If schools are closed and conditions are not sufficiently treacherous, parents lambaste the city for leaving them to deal with child care while the adults still have to show up to their jobs.
If schools remain open, and the conditions are not sufficiently tranquil, parents lambaste the city for forcing them to traverse the streets in perilous conditions.
“I learned very early that no one is happy with a snow day decision,” said D.C. Mayor Muriel E. Bowser (D), who has been leading the city since 2015. “So I have to make the decision that I think is best for all students, staff and the people of the District of Columbia.”
Across the Washington region, city, county and school officials sometimes pull all-nighters to assess weather and road conditions and determine whether to call a snow day.
In the District, city agencies track storms, consulting with the National Weather Service and participating in conference calls. The goal is to make a decision by 5 a.m. so families can plan, said Patrick Davis, chief operating officer for D.C. Public Schools.
The D.C. schools chancellor provides a recommendation on the matter, and Bowser makes the final call about canceling class.
Many students in the District rely on transit system buses for their commutes, and if buses can’t operate, schools probably close.
Still, Davis said, closing is a last resort. Many D.C. children eat several meals on weekdays at school, and a snow day could mean little food that day.
On the only snow day during the 2018-2019 academic year, Davis said the city opened 10 schools where any child could grab a free meal.
“It’s obviously a very tough decision to make,” Davis said. “We want kids in classrooms every day learning, but we need to make sure that they can get there safely.”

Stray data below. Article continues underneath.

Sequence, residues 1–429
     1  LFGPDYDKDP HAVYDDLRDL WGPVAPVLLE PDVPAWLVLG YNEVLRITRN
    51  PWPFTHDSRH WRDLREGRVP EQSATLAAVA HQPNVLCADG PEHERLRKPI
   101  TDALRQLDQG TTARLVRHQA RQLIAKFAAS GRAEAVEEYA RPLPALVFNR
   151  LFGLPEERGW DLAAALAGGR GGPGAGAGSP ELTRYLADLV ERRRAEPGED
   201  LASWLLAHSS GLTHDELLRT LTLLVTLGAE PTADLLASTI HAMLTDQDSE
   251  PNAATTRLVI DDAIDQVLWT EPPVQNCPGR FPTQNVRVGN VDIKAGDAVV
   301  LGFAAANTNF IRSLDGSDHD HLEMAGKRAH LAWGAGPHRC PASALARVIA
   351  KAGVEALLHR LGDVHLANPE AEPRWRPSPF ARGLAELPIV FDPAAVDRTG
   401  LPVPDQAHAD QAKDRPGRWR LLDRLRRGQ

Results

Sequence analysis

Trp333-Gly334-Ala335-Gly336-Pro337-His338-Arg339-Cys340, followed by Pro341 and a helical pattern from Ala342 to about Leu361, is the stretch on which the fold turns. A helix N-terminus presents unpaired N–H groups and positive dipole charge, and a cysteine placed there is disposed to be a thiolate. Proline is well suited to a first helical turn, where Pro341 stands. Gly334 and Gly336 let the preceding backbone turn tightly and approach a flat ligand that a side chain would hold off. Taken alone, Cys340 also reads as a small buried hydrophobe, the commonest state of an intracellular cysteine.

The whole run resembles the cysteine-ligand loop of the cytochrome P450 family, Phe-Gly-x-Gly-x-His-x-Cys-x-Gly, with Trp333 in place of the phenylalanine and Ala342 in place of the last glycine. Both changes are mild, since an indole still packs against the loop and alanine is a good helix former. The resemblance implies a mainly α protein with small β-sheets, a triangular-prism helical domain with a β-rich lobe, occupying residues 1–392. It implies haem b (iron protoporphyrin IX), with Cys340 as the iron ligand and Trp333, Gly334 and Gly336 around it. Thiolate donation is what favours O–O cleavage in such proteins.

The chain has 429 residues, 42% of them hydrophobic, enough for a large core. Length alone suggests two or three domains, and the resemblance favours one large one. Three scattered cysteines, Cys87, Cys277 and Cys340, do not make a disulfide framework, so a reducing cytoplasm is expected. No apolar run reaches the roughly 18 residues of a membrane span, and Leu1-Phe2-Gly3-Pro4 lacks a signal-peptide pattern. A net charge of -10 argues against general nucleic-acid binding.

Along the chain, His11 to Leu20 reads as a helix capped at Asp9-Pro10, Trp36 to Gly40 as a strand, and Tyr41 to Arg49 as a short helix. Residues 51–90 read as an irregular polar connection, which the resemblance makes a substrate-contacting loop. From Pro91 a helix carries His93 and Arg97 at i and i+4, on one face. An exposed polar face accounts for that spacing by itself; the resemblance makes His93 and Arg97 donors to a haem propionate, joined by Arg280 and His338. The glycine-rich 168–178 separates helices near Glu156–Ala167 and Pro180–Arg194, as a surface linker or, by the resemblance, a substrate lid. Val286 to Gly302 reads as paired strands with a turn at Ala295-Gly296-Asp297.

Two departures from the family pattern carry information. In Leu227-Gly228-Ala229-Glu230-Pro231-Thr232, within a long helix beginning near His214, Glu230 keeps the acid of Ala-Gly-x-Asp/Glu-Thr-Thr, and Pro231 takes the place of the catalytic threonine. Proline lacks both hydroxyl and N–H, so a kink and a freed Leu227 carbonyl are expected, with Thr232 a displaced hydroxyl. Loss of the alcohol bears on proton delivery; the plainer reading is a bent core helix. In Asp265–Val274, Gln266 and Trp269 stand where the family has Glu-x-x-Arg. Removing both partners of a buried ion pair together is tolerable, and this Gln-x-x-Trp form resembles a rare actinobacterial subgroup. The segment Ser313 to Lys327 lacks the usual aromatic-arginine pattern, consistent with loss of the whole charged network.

In the suburbs, county officials also spend the night on conference calls, scrambling to figure out how a storm might wreak havoc on commutes. Ice — not snow — can prove a more decisive factor in determining whether the roads are safe.
And the suburbs — which typically cover substantially more acreage than the District’s 100 square miles — present their own set of blustery challenges.
In sprawling Prince George’s County — a mix of urban, suburban and rural areas — it might be blizzard-white in one section and barely snowing in another.
“You may get light snow in the south but heavy snow in the north,” said Barry L. Stanton, chief operating officer of Prince George’s County Public Schools.
The same goes for Fairfax County, the most populous county in Virginia. Canceling classes at just a few schools is not an option because transportation and after-school programs require traveling across neighborhoods, posing logistical challenges.
In Montgomery County, home to Maryland’s largest school system, crews are often out driving to gauge snow and ice on the streets. There have been a few instances when the decision has been tough, and Superintendent Jack Smith has headed out in his SUV to test the conditions himself.
The mere arrival of snow season is enough to make a school official in the Mid-Atlantic stressed.
“It’s usually about 30 days of my life where I don’t sleep at all,” said Jeff Platenberg, assistant superintendent of facilities and transportation for Fairfax County Public Schools. “When people are getting excited about the holidays, I’m cringing because I know it’s coming.”
Davis said the District is ready for winter’s arrival. Staff members are reviewing their snow emergency plans and have communication blasts ready to send to families in the case of a snow day.
But Davis has a wish for the upcoming winter season.
“I hope it’s a dry winter,” he said.